South Dakota youth help Washington salmon stream

Sixty high school students are on a mission from the South Dakota Lutheran Church in Gloria Dei Sioux Falls to help out the middle fork of Quilceda Creek north of Marysville Washington.  On Thursday, July 12 from 10am to 1pm, these students will be teaming up with the Adopt A Stream Foundation to steward thousands of recently planted trees and shrubs on eight acres next to the creek where it flows through Strawberry Fields Park in north Marysville.

“One of the challenges with planting trees and shrubs next to streams in the spring is to make sure that they survive through the summer into the fall,” says Adopt A Stream Foundation Ecologist Zachary Mallon.  “We are very pleased that the students from South Dakota have volunteered to do some very tough maintenance work including grubbing blackberries and stomping down invasive reed canary grass…they are going to bring some sunshine to trees and shrubs planted this spring that will, over time, shade out the invasive plants.”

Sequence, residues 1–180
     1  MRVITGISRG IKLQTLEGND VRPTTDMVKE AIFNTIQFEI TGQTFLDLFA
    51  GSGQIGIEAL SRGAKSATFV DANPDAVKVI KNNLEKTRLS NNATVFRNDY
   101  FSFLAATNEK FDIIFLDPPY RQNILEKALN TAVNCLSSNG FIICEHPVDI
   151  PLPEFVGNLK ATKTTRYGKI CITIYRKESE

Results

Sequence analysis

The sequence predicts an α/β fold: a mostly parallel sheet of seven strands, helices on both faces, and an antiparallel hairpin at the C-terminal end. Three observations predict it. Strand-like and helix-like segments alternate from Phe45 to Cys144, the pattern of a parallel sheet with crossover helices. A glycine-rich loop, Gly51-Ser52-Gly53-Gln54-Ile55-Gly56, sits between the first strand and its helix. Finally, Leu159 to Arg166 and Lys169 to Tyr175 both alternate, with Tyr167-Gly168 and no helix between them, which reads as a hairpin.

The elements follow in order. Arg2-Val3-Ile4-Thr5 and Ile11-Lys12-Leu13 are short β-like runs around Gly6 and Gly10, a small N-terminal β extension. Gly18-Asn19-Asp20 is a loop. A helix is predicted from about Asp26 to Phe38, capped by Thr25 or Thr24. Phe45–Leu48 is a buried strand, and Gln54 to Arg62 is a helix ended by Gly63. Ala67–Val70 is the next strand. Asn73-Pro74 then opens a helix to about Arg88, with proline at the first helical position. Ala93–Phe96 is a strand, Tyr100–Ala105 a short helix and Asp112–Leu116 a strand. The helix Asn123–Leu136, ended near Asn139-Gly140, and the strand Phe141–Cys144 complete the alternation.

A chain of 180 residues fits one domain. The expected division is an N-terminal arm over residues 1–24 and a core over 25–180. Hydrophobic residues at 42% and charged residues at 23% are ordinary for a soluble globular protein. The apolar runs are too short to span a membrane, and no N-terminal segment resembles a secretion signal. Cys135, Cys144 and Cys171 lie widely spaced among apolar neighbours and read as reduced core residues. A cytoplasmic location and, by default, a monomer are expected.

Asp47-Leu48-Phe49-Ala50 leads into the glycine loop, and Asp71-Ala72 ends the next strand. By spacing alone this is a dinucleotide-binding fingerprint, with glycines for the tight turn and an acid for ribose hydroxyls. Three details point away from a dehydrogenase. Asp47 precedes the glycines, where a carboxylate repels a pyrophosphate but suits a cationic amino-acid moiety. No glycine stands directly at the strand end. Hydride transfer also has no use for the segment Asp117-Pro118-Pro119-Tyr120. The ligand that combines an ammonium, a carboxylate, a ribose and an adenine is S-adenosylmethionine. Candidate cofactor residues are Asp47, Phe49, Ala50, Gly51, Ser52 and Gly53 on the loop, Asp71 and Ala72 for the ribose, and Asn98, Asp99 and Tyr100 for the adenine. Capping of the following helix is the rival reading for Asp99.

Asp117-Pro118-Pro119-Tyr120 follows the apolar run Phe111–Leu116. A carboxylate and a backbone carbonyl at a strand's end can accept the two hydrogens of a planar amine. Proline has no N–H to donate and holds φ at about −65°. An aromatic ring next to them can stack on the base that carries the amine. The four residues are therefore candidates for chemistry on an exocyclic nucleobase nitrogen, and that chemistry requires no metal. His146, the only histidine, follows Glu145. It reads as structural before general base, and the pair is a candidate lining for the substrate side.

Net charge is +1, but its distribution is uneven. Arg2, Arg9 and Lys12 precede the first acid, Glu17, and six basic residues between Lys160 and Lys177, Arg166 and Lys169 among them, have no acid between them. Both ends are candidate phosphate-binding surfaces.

Shade from the new trees and shrubs will also keep Quilceda Creek’s water temperature cool.  Cold water holds oxygen needed by salmon and trout.  This riparian zone restoration effort will also benefit a wide variety of wildlife with feathers and fur.

“The South Dakota students should have some fun doing the ‘reed canary grass stomp,’ says Mallon.   “They will also enjoy seeing juvenile salmon and resident cutthroat trout swimming in the creek through the lens of the Adopt A Stream Foundation’s underwater camera.”

          – Adopt A Stream Foundation (AASF)